Victim pulled from burning car

WESTFIELD – A New York man may have escaped more serious injury because bystanders and other motorists pulled him from his burning car after he crashed it into a bridge abutment Saturday afternoon.
City police report that at 4:40 p.m. Saturday multiple callers reported the crash at the bridge at the intersection of Pontoosic Road, Little River Road and Feeding Hills Road. The initial callers stated that the operator appeared to be unconscious inside the car which was on fire.
Officer Stephen J. Gonglik reports he arrived to find that a car with New York registration tags had crashed into the abutment and “The vehicle’s front end had been crushed all the way up to the base of the front windshield.”
The operator was immediately transported to Baystate Medical Center.
Gonglik reports that one person at the crash scene said that “they had to pull the operator out of the car because of the fire” and “another bystander had a fire extinguisher in his vehicle that he used to extinguish the fire.”
The responding firefighters report a fire in the vehicle had been extinguished,
Gonglik also spoke with witnesses who had seen the vehicle operating before the crash who said that they had been forced to the side – or off – the roadway by the speeding car, a gray Honda Civic.
One operator told Gonglik that she had seen the car come up behind her a a high rate of speed – she estimated 65 mph – when she had been traveling northbound into Westfield and “they were afraid the vehicle was going to rear end them so they pulled off as far to the right of the road as they could and the vehicle passed them nearly side swiping them.”
Another operator said that he had encountered the same car about 45 minutes earlier when he was traveling north to Westfield and it forced him off the road in a similar fashion. Gonglik found that Agawam police had issued a bulletin to be on the lookout for the vehicle after the witness reported his first encounter with it.
That witness said that on his return trip he saw “the same vehicle was now traveling north but was in his southbound and heading straight for him. He was forced to pull as far to the right as possible to avoid a head on collision.”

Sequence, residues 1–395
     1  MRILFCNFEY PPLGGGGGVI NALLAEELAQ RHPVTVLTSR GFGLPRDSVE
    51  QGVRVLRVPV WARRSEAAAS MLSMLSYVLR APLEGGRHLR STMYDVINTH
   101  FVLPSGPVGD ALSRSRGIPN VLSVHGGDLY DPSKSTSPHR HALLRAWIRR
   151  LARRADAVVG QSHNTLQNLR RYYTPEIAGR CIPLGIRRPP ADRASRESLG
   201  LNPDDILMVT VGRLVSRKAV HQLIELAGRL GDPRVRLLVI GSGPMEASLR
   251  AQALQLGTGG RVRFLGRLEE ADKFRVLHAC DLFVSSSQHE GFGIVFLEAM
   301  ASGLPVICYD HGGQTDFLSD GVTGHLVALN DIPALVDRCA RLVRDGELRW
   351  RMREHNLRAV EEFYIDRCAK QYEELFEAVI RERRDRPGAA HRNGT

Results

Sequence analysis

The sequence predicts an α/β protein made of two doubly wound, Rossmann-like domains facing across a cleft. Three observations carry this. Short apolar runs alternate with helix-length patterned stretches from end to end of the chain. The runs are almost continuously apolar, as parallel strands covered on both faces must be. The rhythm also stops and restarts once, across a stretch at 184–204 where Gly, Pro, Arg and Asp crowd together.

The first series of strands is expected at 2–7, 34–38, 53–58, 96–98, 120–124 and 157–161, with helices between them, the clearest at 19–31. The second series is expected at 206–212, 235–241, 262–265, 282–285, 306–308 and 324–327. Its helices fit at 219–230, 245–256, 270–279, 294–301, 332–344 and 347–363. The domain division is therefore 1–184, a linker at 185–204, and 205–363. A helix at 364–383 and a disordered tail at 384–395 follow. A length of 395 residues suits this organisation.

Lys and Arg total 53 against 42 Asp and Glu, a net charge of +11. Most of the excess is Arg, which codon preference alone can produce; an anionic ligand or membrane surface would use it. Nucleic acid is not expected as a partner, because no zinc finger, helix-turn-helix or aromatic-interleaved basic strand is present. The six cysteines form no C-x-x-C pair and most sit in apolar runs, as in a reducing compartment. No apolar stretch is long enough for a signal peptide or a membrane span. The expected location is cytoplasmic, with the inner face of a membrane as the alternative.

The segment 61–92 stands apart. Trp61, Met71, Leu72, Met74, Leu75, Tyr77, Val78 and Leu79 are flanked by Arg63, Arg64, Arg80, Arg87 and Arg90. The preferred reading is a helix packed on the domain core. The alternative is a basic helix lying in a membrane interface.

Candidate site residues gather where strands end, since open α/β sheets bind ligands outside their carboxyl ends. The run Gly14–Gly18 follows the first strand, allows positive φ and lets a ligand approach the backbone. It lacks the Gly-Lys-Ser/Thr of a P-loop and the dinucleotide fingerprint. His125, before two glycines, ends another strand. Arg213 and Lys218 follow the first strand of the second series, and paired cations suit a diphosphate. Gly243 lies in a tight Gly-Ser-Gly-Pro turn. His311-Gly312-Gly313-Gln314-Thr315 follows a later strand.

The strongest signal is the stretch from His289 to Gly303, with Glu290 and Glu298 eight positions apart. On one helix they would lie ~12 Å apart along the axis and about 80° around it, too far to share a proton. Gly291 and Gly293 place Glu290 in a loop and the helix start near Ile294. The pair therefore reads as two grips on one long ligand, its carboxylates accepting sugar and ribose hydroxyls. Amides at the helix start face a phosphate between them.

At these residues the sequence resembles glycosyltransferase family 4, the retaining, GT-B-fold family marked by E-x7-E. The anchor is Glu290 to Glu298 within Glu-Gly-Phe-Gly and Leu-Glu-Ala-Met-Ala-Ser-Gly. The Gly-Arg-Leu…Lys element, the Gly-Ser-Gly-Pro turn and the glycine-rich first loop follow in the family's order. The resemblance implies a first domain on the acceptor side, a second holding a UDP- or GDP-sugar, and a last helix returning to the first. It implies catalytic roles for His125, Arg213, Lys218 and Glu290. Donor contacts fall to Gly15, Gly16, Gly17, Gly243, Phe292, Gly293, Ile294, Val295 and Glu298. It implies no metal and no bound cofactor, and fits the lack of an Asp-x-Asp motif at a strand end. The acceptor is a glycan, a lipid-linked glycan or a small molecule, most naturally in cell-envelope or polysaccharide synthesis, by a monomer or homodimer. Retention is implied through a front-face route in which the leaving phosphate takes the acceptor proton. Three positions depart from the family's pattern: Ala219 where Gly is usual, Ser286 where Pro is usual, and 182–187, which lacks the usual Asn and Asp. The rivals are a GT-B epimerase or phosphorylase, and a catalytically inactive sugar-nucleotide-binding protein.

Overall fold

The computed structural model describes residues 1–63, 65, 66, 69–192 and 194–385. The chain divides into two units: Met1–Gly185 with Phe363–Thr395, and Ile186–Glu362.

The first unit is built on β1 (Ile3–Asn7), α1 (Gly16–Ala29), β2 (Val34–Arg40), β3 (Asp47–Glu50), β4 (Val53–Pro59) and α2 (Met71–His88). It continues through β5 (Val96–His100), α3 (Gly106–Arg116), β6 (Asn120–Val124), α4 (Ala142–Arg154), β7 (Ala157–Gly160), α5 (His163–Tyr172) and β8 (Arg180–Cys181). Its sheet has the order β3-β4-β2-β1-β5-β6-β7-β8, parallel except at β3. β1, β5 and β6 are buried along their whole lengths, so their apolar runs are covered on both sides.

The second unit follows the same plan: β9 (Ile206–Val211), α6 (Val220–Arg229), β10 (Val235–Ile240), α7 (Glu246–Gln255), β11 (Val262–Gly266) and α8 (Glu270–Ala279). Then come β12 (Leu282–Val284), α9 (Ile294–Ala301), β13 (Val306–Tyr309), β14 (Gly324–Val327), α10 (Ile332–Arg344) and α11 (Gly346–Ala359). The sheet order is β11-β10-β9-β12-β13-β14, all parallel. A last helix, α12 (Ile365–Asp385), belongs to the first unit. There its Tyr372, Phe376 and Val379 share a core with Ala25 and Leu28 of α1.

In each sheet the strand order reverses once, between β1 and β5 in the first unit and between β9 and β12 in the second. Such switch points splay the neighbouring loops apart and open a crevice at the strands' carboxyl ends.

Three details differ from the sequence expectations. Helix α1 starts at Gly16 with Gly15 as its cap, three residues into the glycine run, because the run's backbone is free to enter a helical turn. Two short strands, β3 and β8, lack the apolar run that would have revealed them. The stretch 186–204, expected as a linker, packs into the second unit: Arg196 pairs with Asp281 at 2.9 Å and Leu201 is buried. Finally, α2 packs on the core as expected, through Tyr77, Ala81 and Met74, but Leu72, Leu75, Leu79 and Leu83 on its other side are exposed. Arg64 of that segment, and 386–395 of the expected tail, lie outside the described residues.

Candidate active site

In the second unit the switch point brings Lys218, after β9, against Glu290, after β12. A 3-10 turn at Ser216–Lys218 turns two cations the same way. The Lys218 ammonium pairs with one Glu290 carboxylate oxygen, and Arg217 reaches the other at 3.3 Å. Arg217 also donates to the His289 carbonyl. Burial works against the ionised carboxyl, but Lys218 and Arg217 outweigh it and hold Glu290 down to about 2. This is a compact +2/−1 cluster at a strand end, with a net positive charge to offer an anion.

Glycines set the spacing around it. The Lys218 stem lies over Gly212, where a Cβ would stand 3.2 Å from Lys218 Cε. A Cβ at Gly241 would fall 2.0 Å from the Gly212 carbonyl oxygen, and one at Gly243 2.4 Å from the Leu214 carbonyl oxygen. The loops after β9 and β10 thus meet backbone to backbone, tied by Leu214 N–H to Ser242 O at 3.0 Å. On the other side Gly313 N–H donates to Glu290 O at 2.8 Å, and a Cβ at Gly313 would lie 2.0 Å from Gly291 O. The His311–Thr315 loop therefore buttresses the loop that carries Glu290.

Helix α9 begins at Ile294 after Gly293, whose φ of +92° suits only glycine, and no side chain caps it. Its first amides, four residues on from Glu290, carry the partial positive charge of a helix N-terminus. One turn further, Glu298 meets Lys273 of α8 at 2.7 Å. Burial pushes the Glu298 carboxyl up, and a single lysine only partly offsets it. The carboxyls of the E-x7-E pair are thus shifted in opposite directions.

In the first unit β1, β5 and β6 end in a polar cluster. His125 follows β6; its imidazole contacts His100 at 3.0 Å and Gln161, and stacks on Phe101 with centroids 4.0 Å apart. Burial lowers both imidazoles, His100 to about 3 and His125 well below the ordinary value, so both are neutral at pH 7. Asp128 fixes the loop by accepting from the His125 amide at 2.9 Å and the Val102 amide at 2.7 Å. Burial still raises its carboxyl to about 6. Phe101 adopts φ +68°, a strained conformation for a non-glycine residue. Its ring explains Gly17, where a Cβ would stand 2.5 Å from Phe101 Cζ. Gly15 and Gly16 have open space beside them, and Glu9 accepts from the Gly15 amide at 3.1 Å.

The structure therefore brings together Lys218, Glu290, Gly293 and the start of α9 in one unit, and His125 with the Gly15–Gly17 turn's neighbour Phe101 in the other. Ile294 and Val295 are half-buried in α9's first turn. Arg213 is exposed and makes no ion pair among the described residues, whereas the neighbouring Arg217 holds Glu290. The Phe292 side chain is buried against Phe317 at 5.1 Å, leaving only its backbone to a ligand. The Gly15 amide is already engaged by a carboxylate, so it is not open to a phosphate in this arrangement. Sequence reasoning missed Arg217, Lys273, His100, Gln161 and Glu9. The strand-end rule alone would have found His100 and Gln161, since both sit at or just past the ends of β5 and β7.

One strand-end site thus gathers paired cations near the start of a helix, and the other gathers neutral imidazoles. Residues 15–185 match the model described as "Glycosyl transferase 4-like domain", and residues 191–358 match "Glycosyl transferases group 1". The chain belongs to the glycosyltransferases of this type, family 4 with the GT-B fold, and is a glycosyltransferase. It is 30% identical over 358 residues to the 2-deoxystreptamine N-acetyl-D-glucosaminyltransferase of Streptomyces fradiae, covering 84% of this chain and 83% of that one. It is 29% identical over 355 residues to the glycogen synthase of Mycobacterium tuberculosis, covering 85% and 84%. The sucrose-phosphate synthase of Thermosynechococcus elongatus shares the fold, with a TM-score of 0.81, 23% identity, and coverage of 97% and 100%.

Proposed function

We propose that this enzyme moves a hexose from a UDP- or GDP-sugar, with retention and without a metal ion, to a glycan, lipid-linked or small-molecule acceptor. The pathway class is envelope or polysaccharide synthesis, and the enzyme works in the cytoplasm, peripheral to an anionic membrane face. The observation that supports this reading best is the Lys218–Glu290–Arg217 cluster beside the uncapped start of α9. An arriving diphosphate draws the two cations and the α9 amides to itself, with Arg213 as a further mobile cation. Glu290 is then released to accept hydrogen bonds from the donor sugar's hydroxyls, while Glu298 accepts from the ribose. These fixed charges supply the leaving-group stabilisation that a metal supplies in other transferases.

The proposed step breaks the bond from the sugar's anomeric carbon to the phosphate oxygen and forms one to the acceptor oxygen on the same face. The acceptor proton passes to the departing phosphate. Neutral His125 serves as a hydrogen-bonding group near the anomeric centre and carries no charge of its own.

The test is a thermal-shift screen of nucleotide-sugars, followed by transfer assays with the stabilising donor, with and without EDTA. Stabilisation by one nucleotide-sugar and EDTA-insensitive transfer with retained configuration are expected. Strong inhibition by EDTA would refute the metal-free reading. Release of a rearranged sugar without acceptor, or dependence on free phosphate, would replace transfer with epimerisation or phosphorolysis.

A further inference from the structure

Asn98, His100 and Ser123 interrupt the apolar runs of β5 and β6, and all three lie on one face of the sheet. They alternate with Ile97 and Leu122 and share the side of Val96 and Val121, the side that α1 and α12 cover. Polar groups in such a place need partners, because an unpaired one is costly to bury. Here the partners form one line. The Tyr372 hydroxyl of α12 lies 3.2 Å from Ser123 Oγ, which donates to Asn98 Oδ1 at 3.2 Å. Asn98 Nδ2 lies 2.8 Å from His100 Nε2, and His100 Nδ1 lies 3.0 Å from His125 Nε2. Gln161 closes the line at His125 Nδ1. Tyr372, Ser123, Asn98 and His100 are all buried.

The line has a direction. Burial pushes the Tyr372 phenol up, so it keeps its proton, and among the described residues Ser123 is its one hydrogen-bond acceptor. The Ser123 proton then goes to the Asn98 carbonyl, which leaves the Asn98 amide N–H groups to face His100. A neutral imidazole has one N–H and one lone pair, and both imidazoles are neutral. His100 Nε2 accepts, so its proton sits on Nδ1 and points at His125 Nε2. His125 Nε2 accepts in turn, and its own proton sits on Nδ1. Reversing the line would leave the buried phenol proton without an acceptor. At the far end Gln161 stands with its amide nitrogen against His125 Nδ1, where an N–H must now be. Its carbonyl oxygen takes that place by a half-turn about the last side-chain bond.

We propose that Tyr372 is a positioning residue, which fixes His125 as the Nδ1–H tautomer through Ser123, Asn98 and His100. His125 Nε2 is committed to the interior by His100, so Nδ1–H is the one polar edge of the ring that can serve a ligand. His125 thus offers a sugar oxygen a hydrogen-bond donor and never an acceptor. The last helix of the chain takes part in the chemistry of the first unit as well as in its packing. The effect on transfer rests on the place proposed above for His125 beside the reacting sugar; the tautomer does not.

Another operator told Gonglik that as she crossed the Little River bridge heading south bound “She saw a blur pass in front of her as (the operator’s) car hit the bridge. She slammed on her brakes as the right front tire of (the operator’s) vehicle had been blown off by the impact and it crashed into the front bumper” of her car.
Gonglik reports that his investigation found “no skid or yaw marks and the tachometer was stuck at approximately 3500 rpm” which indicates that the operator made no attempt to stop before hitting the bridge.
Gonglik was not able to speak withe the operator before he was taken to hospital but reports that he spoke with him by phone after the man had undergone surgery at Baystate Medical Center for broken bones in his arm, ankle and spine.
Gonglik reports the man said that “he had been traveling about 35 mph when an animal crossed his path prior to the right turn and he was unable to stop his vehicle causing it to crash into the bridge.”
The man said that he had no recollection of forcing other cars off the road or operating in the wrong lane. He did admit “that he had smoked marijuana about two hours before the crash but didn’t think that was a factor.”
When asked about his suspended New York license, the operator said he had paid tickets recently and that his license shouldn’t be suspended now.
Gonglik was in custody of the operator’s cell phone and the man allowed the officer to access the phone to look at his texting and cell history to see if it had been a factor. Gonglik found no relevant activity.
Criminal complaints for operating a motor vehicle to endanger, unlicensed operation of a motor vehicle and a marked lanes violation were filed.

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